The fifth edition of Management and the Arts provides you with theory and practical applications from all arts management perspectives including planning, marketing, finance, economics, organization, staffing, and group dynamics. Regardless of whether you are a manager in a theatre, museum, dance company, or opera, you will gain useful insights into strategic planning, organization, and integrated management theories. Case studies, statistics, and real-world examples will allow you get a handle on all aspects of arts managements, from budgeting and fundraising, to e-marketing and social networking, to working effectively with boards and staff members. Revised to reflect the latest thinking and trends in managing organizations and people, this fifth edition features class-tested questions in each chapter, which help you to integrate the material and develop ideas about how the situations and problems could have been handled. Case studies focus on the challenges facing managers and organizations every day, and "In the News" quotes give you real-world examples of principles and theories.
Isabel (Egerton) Ostrander (1883 bzw. 1885-1924) war eine zu Lebzeiten bekannte und vielgelesene amerikanische Autorin, die uber 40 Bucher und Detektivgeschichten verfasste. William J. Burns (1861-1932) war ein amerikanischer Kriminalkommissar und Schriftsteller und wurde bekannt als "Amerika's Sherlock Holmes." Der gemeinschaftlich verfasste Kriminalroman "The Crevice" erschien erstmals 1915 und verspricht Spannung vom Anfang bis zum Schluss.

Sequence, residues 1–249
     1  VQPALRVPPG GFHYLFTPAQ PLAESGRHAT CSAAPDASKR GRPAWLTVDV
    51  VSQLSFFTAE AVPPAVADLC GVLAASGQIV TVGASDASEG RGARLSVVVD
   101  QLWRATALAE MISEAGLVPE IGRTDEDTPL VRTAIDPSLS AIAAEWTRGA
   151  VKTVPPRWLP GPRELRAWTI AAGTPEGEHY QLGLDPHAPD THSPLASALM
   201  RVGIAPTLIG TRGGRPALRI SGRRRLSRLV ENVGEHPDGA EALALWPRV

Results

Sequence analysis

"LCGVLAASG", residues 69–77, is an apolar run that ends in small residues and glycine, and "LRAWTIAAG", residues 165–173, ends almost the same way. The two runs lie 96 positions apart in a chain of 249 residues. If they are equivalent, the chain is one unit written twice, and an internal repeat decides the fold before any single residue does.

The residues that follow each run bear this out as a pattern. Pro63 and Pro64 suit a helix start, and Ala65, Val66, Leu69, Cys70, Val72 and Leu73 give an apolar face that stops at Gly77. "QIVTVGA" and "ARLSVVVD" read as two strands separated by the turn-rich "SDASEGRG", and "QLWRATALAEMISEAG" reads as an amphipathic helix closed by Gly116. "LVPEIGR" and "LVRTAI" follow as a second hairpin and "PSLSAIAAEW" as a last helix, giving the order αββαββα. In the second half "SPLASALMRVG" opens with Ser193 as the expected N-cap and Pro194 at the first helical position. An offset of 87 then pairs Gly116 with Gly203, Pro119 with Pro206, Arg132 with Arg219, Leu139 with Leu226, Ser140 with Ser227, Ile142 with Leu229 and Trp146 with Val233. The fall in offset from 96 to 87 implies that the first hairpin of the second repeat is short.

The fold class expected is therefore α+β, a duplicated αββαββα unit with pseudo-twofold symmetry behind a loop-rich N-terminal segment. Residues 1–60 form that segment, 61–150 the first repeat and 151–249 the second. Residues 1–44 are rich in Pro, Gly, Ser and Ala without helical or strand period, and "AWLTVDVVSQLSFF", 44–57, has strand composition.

Gamal Abdel Nasser's 1955 decision to barter Egyptian cotton for Soviet bloc weaponry thrust Egypt onto center stage in the Cold War in the Middle East. What Egypt needed most, and what the United States was uniquely equipped to provide, was economic aid. For the Egyptian government--eager to take rapid strides toward economic development but crippled by a burgeoning population, a paucity of arable land, and a meager reserve of foreign exchange--American economic aid promised to serve as an enormously important crutch. For American policymakers, economic assistance appeared to be an ideal means of developing American influence in Egypt. Few aid relationships in the last three decades can mat...
William J. Burns (1880-1930) was the immediate succor of J. Edgar Hoover at the Federal Bureau of Investigation. He had taken the director's job when Warren Harding was elected and appointed Burns' friend, Harry Daugherty, as Attorney General. Both Daugherty and Burns misused their offices and were forced to resign.